[distcc] A way to validate the distcc setup?

Oscar Fudd ofudd at speed-test.net
Sun May 25 06:45:42 GMT 2003


Just downloaded and installed distcc, and I like it a lot, thanks!

Now I'm curious about testing.  What I want to do is compile my linux
kernel, using various machines that I administer over the net.

  1. I want to see if I'm successfully connecting to the distccd
  -- by this I mean, if I've accidentally added a machine that's halfway
around the world, at the end of a serial cable, down a well, it's going
to be a veeeerrrrrrry slow connection.  If my compile is going to hang
waiting for something from this server, I'm going to be annoyed (at

  2. I want to see if the compilers on the various machines are working
  -- The servers may not be all running the same version of gcc.  I'd
like to compile the same code on all the servers and compare them to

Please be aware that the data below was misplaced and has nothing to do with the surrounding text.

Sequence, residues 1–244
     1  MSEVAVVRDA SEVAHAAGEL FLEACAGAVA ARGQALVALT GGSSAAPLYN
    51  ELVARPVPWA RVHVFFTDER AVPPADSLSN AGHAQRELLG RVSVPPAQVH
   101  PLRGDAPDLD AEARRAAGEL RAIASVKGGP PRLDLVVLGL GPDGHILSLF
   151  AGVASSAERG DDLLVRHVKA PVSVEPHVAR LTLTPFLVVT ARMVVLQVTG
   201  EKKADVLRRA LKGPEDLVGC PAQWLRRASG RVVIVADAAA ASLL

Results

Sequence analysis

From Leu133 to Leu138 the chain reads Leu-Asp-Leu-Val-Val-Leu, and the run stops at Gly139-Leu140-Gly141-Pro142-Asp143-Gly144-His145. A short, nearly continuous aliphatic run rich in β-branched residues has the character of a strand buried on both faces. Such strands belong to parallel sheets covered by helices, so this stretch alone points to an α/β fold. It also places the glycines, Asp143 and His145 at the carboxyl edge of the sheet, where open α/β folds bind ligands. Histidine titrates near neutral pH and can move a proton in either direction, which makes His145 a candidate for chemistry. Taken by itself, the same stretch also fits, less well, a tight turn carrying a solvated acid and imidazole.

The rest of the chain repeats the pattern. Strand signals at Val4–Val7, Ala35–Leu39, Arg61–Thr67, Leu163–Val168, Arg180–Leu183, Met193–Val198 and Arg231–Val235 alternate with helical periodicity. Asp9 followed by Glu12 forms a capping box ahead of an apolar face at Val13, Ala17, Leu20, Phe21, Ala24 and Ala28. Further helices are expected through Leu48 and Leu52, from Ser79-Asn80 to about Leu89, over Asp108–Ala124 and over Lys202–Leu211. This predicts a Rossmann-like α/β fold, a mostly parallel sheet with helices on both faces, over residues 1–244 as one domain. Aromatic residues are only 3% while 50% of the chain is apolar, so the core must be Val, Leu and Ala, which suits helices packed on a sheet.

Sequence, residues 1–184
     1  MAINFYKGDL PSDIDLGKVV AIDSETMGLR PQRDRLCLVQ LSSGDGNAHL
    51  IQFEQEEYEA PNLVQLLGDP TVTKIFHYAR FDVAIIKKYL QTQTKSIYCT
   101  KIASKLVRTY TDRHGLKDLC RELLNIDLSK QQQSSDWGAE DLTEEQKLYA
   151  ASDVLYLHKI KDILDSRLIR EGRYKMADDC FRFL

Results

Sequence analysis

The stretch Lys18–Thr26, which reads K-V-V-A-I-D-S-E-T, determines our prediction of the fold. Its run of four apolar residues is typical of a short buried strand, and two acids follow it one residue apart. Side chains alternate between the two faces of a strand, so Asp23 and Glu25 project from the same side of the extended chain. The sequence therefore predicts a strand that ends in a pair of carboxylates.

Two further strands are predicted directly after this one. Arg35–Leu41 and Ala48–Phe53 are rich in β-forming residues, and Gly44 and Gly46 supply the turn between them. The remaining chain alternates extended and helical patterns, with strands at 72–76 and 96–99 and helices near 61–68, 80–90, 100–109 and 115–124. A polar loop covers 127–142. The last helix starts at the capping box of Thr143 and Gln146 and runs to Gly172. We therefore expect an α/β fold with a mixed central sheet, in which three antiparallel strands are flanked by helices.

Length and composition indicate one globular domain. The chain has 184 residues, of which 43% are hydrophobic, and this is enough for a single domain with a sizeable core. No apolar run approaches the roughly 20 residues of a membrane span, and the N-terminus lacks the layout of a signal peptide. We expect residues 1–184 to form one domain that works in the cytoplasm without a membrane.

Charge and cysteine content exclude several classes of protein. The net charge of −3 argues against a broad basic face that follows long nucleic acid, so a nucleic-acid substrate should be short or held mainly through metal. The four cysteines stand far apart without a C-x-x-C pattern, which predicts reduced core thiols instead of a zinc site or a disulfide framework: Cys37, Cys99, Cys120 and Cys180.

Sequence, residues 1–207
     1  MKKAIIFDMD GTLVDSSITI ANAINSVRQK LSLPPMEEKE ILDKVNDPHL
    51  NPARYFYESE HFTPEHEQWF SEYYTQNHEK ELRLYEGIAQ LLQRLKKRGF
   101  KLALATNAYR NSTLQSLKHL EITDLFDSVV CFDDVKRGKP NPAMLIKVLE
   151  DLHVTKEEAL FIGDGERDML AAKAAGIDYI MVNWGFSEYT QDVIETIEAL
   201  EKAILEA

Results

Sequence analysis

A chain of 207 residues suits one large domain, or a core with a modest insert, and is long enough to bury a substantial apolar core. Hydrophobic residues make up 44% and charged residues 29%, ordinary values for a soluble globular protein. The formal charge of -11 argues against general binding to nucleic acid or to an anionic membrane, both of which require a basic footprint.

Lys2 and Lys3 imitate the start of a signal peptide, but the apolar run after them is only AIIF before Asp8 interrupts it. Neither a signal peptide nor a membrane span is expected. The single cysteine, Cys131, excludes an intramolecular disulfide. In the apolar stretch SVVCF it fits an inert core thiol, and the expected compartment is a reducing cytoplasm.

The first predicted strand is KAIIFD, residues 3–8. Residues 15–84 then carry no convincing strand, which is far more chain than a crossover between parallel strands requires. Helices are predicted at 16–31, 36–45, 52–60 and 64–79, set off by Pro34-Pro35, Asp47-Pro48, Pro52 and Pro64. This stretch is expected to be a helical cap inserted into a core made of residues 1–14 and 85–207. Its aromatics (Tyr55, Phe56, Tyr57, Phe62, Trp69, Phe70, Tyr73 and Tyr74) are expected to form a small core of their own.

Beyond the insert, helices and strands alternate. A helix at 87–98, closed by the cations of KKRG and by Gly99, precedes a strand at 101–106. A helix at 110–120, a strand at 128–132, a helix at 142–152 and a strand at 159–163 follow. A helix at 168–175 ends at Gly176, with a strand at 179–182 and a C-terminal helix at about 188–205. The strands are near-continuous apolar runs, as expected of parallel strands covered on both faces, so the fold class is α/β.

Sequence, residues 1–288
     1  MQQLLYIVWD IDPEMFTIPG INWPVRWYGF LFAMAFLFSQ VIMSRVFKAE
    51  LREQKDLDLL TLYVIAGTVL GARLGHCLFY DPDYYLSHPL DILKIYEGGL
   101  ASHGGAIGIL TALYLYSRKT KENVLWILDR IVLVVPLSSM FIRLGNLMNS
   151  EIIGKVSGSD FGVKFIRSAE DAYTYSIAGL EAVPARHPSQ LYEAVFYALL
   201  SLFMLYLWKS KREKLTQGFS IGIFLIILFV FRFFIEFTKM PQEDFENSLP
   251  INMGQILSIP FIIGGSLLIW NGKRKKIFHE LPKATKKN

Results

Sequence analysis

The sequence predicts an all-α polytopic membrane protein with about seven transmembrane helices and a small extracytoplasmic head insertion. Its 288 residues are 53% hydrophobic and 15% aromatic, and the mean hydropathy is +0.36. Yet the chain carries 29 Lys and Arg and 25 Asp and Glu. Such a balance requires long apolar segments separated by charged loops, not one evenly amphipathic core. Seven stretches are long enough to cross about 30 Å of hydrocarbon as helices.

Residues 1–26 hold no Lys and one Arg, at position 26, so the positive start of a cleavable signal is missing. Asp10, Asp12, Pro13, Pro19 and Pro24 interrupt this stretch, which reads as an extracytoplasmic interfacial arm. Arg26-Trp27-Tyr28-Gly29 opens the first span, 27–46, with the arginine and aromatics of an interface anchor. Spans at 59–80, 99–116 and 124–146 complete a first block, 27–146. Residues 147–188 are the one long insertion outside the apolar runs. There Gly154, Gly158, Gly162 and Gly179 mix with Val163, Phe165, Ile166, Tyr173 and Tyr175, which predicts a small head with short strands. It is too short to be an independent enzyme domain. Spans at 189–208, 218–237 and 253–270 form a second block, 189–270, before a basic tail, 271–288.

what my local machine produces.  This would detect bad cross-compiler
setups too.
  -- I recall that the SETI at HOME project sends the same blocks to
several different computers, and compares the results that come back
before saving the results.  This guards against accidental (or
malicious) introduction of bad data by a single source.  I'd like to do
that here too, if only to guard against bad versions of gcc or bad
  -- It may be beneficial to have this compiler 'self-test' only at the
beginning of a big compile, and periodically every 5 minutes after
that.  This would catch misconfigurations and (some) memory errors while
retaining most of the speed.

  3. Is the distccd program always necessary?
  -- It'd be neat to have distcc just do:
    tar c inputfile.i | ssh user at host 'tar x; gcc inputfile.i -c
inputfile.o; tar c inputfile.o ; rm inputfile.i inputfile.o' | tar x
    It skips a lot of steps, at a cost of 25% of the speed, if I read

(I'm not on the list; could you Cc me?  Thanks!)
Oscar Fudd <ofudd at speed-test.net>

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